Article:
November 2010

In vivo data correlate with external effects of variable-stiffness OA shoe

In the moment: Footwear

The variable-stiffness shoe being developed at Stanford University not only reduces external knee adduction moment but also produces corresponding decreases in load within the joint, according to new in vivo data.

The shoe (see “OA research: It’s all about the shoes,”) features a lateral sole that is 1.3 to 1.5 times stiffer than the medial sole, which has been shown to reduce knee adduction moment by up to 20% in patients with knee osteoarthritis.

In the current study, the Stanford investigators analyzed the shoes’ effect on loading in a single subject who was implanted with an instrumented knee prosthesis. As expected, the experimental shoes significantly reduced first peak knee adduction moment (by 13%) compared to the subject’s personal shoes. In addition, joint contact force within the medial compartment was also significantly decreased (12.3%) in the variable-stiffness shoe.  The correlation between the external load reduction and the in vivo load reduction was significant and moderately strong (R=.67).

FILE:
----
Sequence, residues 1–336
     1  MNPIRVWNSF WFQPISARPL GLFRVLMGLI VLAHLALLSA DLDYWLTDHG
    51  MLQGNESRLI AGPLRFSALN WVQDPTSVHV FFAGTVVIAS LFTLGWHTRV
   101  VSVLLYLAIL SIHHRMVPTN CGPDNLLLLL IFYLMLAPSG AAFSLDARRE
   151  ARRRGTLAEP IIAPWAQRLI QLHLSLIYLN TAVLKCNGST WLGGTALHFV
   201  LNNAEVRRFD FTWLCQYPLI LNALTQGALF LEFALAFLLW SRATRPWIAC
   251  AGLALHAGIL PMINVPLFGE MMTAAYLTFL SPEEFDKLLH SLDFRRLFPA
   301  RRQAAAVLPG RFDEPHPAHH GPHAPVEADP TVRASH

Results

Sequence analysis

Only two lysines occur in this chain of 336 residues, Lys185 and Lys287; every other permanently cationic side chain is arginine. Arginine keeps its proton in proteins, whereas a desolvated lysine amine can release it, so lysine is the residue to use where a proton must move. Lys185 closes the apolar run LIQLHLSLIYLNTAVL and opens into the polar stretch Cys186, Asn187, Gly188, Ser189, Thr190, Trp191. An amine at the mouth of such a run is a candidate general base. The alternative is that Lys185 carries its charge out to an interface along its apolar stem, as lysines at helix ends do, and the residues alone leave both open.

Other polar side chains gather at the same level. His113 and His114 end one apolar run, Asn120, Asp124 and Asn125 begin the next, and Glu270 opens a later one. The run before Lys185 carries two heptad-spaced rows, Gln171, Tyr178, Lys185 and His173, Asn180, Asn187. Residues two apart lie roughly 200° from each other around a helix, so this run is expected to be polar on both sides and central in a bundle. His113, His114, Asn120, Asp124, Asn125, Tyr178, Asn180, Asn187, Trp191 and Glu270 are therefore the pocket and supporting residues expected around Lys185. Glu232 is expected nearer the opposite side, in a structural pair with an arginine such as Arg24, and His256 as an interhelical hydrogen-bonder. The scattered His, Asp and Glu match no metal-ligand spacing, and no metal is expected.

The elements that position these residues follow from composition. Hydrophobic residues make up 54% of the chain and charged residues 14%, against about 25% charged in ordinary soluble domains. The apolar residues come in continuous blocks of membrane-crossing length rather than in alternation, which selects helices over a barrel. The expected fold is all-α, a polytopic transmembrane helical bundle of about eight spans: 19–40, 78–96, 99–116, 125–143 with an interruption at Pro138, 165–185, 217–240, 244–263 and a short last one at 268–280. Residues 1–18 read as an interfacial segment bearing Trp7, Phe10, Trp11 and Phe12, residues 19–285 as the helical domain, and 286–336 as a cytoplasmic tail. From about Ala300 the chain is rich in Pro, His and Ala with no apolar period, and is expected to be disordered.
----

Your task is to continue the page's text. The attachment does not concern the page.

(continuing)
The findings were published in the December issue of the Journal of Orthopedic Research.

By Jordana Bieze Foster

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